THE Welsh Government has responded to reports that a higher than expected number of positive lateral flow tests were resulting in negative PCR tests.

An estimated 43,000 people may have been given wrong negative PCR Covid test results, the UK Health Security Agency (UKHSA) said this week.

NHS Test and Trace has suspended testing operations provided by Immensa Health Clinic Ltd at its laboratory in Wolverhampton, following an investigation into reports of people receiving negative PCR test results after they have previously tested positive on a lateral flow.

A negative PCR means people will not have needed to isolate and could potentially have spread the infection to many other people.

The errors relate to test results given to people between September 8 and October 12, mainly in the South West of England, but with some cases in the South East and Wales.

There are no technical issues with test kits themselves and people should continue to test as normal, UKHSA said.

It said a full investigation is being carried out into why and how incorrect results were given.

The Welsh Government and Public Health Wales been reviewing cases from a number of areas of South Wales that may have been affected that we have been reviewing with Public Health Wales, linking into the work being led by the UKHSA.

As a result of these investigations UK NHS Tests and Trace has suspended testing operations provided by a laboratory in England but affects some residents in Wales. This involves technical issues at the laboratory that has led to some people being given incorrect results between 8 September and 12 October. We have been informed this issue is isolated to this laboratory and does not involve the wider network including the IP5 laboratory in Newport that processes the majority of Welsh samples.

Eluned Morgan MS, Minister for Health and Social Services, said: "UKHSA have looked into the number of tests from Welsh residents processed at the affected laboratory and estimate around 4,000 people may have been given inaccurate results. We assess the majority of these tests will have been taken at testing sites across the Gwent and Cwm Taf Morgannwg areas.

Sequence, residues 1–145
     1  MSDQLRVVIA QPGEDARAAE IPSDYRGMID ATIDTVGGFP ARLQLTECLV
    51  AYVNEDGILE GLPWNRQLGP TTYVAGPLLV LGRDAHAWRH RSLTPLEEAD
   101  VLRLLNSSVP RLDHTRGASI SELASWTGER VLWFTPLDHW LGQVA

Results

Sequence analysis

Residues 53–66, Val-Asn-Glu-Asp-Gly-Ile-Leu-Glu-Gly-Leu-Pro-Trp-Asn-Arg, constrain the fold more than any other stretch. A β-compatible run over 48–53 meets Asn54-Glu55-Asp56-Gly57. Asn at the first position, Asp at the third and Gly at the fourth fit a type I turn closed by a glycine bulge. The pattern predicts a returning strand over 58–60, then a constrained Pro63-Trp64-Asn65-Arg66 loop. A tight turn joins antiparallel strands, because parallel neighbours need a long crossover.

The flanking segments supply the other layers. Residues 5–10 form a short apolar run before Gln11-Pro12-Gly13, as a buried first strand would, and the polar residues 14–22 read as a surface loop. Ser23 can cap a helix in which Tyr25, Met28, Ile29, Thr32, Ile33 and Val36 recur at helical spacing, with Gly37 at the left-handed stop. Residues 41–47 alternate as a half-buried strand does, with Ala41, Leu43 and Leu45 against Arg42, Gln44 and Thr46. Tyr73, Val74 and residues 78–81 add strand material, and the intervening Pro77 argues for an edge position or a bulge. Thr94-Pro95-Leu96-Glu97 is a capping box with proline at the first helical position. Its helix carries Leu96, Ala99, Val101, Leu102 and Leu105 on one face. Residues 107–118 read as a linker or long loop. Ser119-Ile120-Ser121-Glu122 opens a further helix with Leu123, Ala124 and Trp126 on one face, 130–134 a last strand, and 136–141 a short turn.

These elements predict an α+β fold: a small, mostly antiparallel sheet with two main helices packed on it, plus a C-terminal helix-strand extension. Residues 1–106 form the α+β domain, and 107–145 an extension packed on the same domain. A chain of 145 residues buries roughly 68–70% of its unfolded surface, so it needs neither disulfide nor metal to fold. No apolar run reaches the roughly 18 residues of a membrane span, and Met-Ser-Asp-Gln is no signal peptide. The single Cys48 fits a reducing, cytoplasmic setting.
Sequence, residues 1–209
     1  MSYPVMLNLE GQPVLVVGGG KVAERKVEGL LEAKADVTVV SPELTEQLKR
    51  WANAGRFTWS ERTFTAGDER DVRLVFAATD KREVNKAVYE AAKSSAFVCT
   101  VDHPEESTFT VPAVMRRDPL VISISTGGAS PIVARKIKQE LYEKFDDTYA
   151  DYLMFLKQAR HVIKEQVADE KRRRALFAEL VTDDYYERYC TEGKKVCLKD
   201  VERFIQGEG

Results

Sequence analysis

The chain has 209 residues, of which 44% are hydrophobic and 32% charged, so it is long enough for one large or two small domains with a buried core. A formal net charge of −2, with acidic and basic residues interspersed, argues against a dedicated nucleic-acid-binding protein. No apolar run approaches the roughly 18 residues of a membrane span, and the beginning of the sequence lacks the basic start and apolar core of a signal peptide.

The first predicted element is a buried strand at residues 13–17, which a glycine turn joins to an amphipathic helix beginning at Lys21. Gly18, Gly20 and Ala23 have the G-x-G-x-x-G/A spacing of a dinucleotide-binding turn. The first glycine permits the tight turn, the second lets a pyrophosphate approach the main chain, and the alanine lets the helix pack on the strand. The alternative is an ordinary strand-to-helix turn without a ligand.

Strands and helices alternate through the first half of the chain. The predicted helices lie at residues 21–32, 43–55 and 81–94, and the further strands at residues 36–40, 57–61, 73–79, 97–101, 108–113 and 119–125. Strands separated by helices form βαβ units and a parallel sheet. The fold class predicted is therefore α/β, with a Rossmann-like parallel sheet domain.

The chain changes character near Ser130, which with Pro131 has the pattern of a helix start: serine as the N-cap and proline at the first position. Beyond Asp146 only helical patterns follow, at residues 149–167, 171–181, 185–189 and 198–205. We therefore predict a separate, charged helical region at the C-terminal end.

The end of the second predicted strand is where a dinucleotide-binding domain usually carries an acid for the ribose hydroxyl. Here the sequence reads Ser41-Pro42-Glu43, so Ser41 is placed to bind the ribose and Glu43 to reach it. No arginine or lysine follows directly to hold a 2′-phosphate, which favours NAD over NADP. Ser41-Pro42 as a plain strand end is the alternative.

"Anyone who had a test from 4 October and received a result from the affected laboratory will be contacted by NHS Test and Trace by text message and/ or e-mail and advised if it was negative to book an appointment to be re-tested. It will also advise that their close contacts who are symptomatic book a test. People who had a test processed at the laboratory between 8 September and 4 October will also be contacted and advised to get a test if they have symptoms. Our advice to everyone remains that if you have symptoms to self-isolate immediately and book a PCR test.

"My immediate concern is the information and support for the Welsh residents impacted and I have asked Public Health Wales to provide additional support and advice to the affected health boards in addition to the UKHSA communications. They will also be assessing the potential impact of this incident on the case rates and epidemiology reports for Wales.

"We will continue to work closely with UKHSA and NHS Test and Trace on the findings and actions needed and I will keep members informed on developments."